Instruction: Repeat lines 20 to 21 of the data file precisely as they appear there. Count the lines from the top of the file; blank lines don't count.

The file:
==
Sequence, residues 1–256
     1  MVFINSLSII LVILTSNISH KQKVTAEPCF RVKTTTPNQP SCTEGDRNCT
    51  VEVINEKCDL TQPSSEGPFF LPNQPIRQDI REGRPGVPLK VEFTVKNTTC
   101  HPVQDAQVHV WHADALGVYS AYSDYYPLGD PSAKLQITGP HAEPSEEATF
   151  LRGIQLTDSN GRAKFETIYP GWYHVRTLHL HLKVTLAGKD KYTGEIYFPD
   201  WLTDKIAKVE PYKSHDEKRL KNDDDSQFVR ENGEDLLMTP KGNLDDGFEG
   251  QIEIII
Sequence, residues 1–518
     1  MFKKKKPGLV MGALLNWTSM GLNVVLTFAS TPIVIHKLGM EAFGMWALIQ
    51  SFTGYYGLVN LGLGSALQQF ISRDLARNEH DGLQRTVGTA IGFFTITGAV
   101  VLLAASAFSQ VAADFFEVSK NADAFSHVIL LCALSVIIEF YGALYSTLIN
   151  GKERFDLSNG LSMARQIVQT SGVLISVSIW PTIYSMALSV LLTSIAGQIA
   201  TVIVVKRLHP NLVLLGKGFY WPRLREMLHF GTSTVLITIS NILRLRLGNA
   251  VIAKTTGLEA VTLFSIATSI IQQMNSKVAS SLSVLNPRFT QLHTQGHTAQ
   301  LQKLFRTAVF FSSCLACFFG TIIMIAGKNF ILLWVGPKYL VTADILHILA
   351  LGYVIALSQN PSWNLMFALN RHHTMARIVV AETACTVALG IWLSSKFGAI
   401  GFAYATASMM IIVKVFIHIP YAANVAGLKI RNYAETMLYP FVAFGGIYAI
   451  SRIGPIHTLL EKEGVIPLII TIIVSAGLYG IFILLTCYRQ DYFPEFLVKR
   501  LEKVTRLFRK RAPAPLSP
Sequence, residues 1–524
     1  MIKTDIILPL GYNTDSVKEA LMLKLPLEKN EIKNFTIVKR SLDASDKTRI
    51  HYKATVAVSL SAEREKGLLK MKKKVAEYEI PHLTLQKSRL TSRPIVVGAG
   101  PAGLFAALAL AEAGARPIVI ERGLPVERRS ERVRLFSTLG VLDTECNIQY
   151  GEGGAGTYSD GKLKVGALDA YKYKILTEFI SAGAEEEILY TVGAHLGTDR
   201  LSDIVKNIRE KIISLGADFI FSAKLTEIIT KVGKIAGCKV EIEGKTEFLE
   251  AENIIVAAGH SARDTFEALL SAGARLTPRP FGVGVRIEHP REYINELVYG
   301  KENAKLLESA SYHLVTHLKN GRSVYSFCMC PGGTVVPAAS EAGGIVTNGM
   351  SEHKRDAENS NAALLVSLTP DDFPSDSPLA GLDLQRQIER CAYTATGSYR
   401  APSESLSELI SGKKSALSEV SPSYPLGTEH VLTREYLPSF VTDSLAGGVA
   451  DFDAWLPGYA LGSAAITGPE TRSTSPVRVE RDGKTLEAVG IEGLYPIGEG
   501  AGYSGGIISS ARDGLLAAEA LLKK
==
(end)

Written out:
Sequence, residues 1–524
     1  MIKTDIILPL GYNTDSVKEA LMLKLPLEKN EIKNFTIVKR SLDASDKTRI